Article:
Lightspeed unveiled its newest pilot headset, the Delta Zulu, in September 2022, and since then I was able to test it in a typical piston airplane and in a single-engine turboprop. The Delta Zulu is similar in size and configuration to Lightspeed’s Zulu 3 but adds more active-noise canceling (ANR) technology and a unique audio equalization system as well as a carbon monoxide sensor.
For comparison purposes during these flights, I tried the Delta Zulu and a Bose A20 ANR headset. It is admittedly a somewhat subjective test, but I found the Delta Zulu to be quite comfortable and with excellent noise-canceling. Either headset does a great job of canceling noise, but the added features of the Delta Zulu might make it a more attractive purchase for some pilots.
This iteration of the Delta Zulu includes the first of what might be multiple sensors that add capabilities and make the headset a platform rather than just something that enhances hearing in noisy cockpits.
Lightspeed’s Kanari “smart alert technology” sensor measures carbon monoxide (CO) levels in the wearer’s vicinity. The headset’s audible alerts warn when it detects CO above caution and critical levels (10-50 and 50-100 ppm, respectively), but pilots can also view CO levels and history on the Lightspeed app.
With the HearingEQity audio equalization system, pilots can run a 12-frequency hearing test while wearing the Delta Zulu headset connected via Bluetooth to the app, obviously not while flying. Once completed, the audio equalization system sets the hearing level in each ear cup “to create your individual hearing profile to compensate for any hearing variations between ears,” according to Lightspeed.
The hearing test assesses the user’s hearing, running each ear through 12 different low-to-high frequencies. For each frequency, the user has to adjust a volume slider in the app until the sound is barely perceptible.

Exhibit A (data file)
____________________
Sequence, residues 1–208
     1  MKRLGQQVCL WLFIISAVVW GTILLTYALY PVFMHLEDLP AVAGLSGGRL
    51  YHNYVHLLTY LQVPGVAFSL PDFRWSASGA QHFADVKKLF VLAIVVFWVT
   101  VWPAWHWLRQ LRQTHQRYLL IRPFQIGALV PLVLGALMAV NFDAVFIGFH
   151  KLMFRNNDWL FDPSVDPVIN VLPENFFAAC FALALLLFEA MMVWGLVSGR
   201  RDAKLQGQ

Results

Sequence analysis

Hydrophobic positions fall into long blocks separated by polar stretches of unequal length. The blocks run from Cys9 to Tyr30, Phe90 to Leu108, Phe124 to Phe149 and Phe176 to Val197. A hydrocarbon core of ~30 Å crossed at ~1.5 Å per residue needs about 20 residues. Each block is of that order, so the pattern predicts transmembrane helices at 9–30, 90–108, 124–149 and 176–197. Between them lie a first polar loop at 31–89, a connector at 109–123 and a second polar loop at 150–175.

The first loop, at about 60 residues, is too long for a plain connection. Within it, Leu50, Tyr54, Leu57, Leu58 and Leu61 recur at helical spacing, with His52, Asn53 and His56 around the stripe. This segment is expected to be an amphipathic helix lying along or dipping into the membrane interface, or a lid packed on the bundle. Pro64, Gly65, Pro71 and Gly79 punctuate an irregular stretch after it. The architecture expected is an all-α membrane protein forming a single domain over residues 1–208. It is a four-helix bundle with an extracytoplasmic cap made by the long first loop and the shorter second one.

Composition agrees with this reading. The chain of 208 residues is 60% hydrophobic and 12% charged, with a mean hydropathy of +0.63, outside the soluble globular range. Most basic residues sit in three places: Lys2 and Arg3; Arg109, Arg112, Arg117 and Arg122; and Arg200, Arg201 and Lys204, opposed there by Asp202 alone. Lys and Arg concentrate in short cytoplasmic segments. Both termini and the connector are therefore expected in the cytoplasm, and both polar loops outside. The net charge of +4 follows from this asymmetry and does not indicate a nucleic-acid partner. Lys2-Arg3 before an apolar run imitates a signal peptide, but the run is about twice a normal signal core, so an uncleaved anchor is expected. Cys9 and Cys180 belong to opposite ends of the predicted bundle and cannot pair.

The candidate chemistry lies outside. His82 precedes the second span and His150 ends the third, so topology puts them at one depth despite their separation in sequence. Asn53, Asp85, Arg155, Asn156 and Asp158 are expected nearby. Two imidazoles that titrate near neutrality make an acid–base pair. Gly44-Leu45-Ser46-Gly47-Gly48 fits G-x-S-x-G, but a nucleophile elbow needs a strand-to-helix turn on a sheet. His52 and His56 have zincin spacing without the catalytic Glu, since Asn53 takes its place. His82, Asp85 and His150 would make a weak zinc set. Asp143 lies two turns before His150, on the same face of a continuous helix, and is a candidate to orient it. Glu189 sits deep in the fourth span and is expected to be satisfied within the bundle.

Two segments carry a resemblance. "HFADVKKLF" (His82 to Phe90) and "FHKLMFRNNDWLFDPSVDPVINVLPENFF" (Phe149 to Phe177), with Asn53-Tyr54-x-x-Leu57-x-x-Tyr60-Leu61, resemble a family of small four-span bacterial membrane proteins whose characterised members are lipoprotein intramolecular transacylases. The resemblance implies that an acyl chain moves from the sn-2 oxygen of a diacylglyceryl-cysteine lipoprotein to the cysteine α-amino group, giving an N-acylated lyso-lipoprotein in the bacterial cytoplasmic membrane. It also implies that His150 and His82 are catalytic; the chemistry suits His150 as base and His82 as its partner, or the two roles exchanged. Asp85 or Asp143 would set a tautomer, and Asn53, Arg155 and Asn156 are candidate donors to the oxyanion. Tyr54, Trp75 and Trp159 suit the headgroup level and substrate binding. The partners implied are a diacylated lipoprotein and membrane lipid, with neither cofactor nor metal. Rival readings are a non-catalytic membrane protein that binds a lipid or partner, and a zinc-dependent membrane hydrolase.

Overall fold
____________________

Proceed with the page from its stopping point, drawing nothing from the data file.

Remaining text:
As I suspected, my hearing drops off at the higher frequencies, and this proved almost universal in men that I tested with HearingEQity. Women who tried the test generally had better hearing at the higher frequencies. One couple I tested clearly illustrated why the husband couldn’t hear the wife and vice versa, as their optimum frequencies were completely opposite.
I flew with the Delta Zulu headset on two flights, one in a Cessna 172 and another in a Daher Kodiak 900 single-engine turboprop. On both flights, I swapped between the Lightspeed and a Bose A20 ANR headset to try to compare them. As mentioned, I wasn’t able to perceive a distinct difference in hearing quality between the two headsets. ATC communications were clear with both. The Lightspeed headset did feel like it had less clamping pressure on my head, and I liked the way it easily accommodated my eyeglasses without feeling like they were being forced against my head. Having the Kanari carbon monoxide detector along for the ride was a clear bonus and makes me wonder why proper detectors aren’t mandatory on all piston-powered airplanes. Or at least on airplanes with heater muffs wrapped around exhaust pipes, which is the typical setup for cabin heaters on single-engine airplanes.
The Delta Zulu is priced at $1,099, $200 more than the Zulu 3. While some potential buyers might opt for a Bose headset because their flight operation (generally Part 121 airlines) require that pilots use headsets manufactured to an FAA Technical Standard Order (TSO), Lightspeed points out that this should not be necessary.
According to Lightspeed, “The authorization pertains to design and production approval. Using a TSO headset is not an FAA requirement for any type of civil operation including Part 91, 121, or 135 operations and only specifies a ‘minimum performance standard.’ Where the confusion can sometimes occur is that individual operators may choose to require the presence of a TSO headset either ‘available to the pilot’ or ‘worn by the pilot.’”
In any case, Lightspeed has chosen not to undergo the expensive process of obtaining TSO approval of its headsets because it feels that this is an unnecessary step. According to the company, “All Lightspeed headsets are tested to FCC and CE certifications, internal environmental standards, Apple MFi program standards (if required), and meet performance requirements of the FAA to be used in any civil aircraft. A Lightspeed headset will perform exactly the same as any TSO-certified headset in emergency situations. For example, if the batteries die during flight, there will still be uninterrupted communication (fail-safe mode). If there is a complete power failure in the aircraft, the Bluetooth feature will enable you to use a cellular or satellite phone to contact ATC—depending on which you have on board.”